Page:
Human Interest

NICU nurses serenade tiny preemie with Christmas carol

Two nurses working in the neonatal intensive care unit (NICU) of Toronto’s Sunnybrook Health Sciences Center are using their gift of singing to soothe the premature babies in their care. Earlier this month, 2-day-old preemie Anya was serenaded by the nurses, Marieneth Montenegro and Lisa Sampson, who sang a tender rendition of Have Yourself A Merry Little Christmas.

On Wednesday, Sunnybrook Health Sciences Center shared the 1-minute video on social media, and it has quickly generated an overwhelming response.

“Babies love voices,” parent co-ordinator Kate Robson told CBC Toronto, “and they love singing, and it’s something we try to encourage… It calms them and it de-stresses them.”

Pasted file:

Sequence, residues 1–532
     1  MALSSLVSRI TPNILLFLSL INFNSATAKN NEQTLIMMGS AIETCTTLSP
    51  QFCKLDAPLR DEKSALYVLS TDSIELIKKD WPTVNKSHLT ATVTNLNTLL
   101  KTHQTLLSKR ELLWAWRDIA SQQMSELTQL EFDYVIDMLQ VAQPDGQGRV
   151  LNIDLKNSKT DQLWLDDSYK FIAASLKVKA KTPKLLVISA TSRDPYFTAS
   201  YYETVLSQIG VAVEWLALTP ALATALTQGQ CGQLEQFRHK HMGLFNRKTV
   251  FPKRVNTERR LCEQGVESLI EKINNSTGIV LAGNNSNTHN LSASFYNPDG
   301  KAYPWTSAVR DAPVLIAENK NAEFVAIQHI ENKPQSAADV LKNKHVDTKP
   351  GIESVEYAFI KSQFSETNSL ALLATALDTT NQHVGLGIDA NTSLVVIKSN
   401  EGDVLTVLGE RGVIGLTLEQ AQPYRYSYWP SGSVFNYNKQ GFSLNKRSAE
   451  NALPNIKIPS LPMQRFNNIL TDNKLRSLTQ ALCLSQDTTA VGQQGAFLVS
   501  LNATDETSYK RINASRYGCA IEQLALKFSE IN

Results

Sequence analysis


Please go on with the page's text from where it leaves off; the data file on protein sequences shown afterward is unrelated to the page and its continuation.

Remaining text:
In fact, preborn children can hear from inside the mother’s womb long before they are born (or not so long, in the case of babies like Anya, who arrived very early). A study published in 2013 found “direct neural evidence that neural memory traces are formed by auditory learning prior to birth.” Research on prenatal auditory development has led doctors to encourage parents to read, sing, or talk to their children in utero and to continue this vocal communication throughout childhood for optimal development.

While nurses like Montenegro and Sampson work to provide optimal outcomes for children born prior to their due dates, Canadian abortion law (similar to that of the United States) permits taking the lives of babies like Anya at any point in pregnancy. The stark contrast between medical care offered to a baby whose life was protected and the brutal dismemberment suffered by babies of the same gestational age who were deemed disposable is jarring. Pro-life groups, such as the Canadian Center for Bioethical Reform, work tirelessly so that more babies like Anya will be protected and cherished, as all humans deserve.

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